Monday 24 October 2016

John Giles: Sky didn't invent football and it didn't begin in 1992 either

Herald Sport

Published 08/01/2016 | 18:38

Chelsea celebrate after winning the Premier League last season
Chelsea celebrate after winning the Premier League last season

As an old pro with a long memory, I'm never less than depressed by the aggressive drive to wipe the history of the game clean before the Premier League began.

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On a daily basis, Sky edit and package football to suit themselves and have followed a very definite path since they blew the game wide open with unprecedented amounts of cash over 20 years ago.

Sky's version of the game begins in 1992 and ignores all that happened before that.

In no other sport in England is there such a casual disregard and disrespect for the achievements of players who inhabit the archives and provide an anchor for future generations.

I watched a couple of documentaries on Sky over the Christmas, one about the England 1966 World Cup winning team and another about Nottingham Forest and while I enjoyed them, I couldn't help feeling angry that Sky are quite happy to make money off the backs of old pros, the same players they have airbrushed out of the game.

The history of our game is important. Sky, BT and other broadcasters do not own football even if they would like us to believe that they are somehow part of it and a part the game cannot do without.

What other sport wipes out 100 years of records and standards and decides that Alan Shearer was the first player to score 100 goals for two clubs when Jimmy Greaves did it decades before?

I don't know about you but I was amazed at how little regard was given to Jimmy Dunne when Jamie Vardy was trying for the consecutive goal-scoring record.

It was all about Ruud van Nistlerooy and Dunne was tagged on as an afterthought. Vardy broke the only standard which meant anything to Sky so the true record was downplayed, almost as if it didn't count.

There is an arrogance about this which is all about money, all about Sky's corporate decision to attach the company to football in a way which had never been done before.

They have been remarkably successful with it and good luck to them but there is absolutely no reason why they should be allowed to annex football to suit a commercial agenda and in doing so, edit some of the greatest names out of the history of the game.

Sky's view is patronising and is now shared by other broadcasters. The image they like to display of the past is of footballers with pipes in their mouths playing on mud piles.

The judgement is that the game is so vastly different now from the old days that great players from history are not relevant because would not be able to live with the demands of the "modern game". I really despise that that awful phrase.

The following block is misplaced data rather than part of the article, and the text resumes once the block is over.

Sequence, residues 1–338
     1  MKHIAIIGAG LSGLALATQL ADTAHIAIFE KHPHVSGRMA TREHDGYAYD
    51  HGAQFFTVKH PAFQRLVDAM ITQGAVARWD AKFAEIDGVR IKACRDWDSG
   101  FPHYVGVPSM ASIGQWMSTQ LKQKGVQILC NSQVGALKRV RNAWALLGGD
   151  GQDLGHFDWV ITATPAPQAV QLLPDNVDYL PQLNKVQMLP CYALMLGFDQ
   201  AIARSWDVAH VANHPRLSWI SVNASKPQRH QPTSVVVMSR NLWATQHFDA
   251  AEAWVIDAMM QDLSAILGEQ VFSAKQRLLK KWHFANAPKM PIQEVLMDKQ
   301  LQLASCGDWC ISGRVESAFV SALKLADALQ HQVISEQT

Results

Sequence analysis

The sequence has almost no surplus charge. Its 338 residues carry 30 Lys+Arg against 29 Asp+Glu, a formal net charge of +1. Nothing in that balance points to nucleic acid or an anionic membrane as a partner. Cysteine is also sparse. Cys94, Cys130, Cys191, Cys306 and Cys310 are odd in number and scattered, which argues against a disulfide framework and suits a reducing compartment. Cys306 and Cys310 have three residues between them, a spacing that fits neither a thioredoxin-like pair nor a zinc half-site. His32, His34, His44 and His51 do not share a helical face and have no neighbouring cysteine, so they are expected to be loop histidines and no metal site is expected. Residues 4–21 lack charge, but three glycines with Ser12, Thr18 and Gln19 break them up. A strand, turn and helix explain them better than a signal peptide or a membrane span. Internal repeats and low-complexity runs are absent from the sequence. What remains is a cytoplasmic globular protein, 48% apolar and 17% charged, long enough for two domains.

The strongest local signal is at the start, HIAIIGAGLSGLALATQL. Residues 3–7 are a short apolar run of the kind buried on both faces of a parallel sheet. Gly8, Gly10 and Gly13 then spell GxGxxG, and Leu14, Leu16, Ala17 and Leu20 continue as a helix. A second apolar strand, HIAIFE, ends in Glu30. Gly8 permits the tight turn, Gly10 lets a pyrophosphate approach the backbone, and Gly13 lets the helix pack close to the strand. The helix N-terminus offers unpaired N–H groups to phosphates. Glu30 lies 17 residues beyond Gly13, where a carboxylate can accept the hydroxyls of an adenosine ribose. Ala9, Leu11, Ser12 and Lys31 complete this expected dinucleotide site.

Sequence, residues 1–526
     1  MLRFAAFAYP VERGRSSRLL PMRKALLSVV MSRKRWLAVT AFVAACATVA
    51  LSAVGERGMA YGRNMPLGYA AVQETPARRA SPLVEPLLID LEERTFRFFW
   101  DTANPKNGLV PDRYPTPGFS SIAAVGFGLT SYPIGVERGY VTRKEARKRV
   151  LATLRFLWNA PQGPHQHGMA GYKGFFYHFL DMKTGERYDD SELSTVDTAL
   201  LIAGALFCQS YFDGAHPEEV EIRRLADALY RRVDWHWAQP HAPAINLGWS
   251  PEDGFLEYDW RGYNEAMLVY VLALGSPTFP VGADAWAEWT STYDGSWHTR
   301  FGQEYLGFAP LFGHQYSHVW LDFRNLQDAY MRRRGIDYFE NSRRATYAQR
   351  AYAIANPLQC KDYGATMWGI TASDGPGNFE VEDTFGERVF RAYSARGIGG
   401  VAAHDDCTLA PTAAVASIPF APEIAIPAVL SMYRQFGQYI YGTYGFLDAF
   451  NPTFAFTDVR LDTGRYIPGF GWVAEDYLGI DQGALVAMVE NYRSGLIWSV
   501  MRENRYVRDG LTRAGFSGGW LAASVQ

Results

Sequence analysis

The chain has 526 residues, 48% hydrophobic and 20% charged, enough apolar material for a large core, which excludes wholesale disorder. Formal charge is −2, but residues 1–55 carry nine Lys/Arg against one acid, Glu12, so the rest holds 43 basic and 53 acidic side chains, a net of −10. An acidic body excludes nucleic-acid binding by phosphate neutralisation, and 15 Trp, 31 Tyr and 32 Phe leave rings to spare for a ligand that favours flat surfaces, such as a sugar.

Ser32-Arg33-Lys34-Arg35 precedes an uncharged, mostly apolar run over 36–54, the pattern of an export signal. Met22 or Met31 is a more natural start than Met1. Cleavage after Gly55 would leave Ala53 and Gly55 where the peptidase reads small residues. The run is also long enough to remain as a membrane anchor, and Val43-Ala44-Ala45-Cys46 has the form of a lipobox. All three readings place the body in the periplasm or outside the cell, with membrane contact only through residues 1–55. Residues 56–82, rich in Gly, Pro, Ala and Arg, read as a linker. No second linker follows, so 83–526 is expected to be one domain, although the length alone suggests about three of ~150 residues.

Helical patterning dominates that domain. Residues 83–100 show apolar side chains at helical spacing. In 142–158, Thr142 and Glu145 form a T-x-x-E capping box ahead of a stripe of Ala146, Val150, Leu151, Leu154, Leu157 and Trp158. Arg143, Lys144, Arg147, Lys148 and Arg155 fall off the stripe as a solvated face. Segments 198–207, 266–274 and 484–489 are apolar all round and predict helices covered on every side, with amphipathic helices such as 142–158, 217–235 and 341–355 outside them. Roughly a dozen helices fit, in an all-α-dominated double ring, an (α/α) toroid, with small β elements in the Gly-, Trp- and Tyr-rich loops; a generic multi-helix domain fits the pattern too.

Every generation believes it is better than the last and in terms of infra-structure and wages, the game has improved beyond belief since my day.

The fashionable view would be that on the pitch, there is a huge difference too and perhaps that is what annoys me most of all.

There's a good example from my own career which illustrates how ridiculous this attitude is and in my opinion, how disrespectful

In my final months as a player-manager at West Brom, I shared a pitch with a young Bryan Robson. He was full of energy and a useful option for me in a couple of positions. He hadn't yet bedded down as a box to box midfielder.

I played on the same pitch as him with the same ball and I didn't feel as if I was an old man beside the future of the game.

Move forward to the end of Robson's fantastic career at Manchester United and the arrival of Paul Ince and then Roy Keane. He played on the same pitch as both men and he didn't look any less of a player.

The cycle turns and one generation blends into another but the notion that football has somehow changed so radically that men who lived the life 20 years ago or 40 years ago would not be able to cope with the Premier League is plain stupid.

But it fits Sky's narrative and programmes like Jamie Carragher's really good analysis of the England campaign are a rarity.

Perhaps someone in Sky has recognised that there is some value in what happened before 1992, if only a monetary one and we will see more of the great players of the past analysed and remembered in the right way.

The history of football is packed with great stories. Fans of most clubs rely on these memories when times are lean and in all but the most successful clubs, that's the default setting.

But Sky only deals in the here and now and it's a mistake. They didn't invent football and it didn't begin in 1992 either.

Herald Sport

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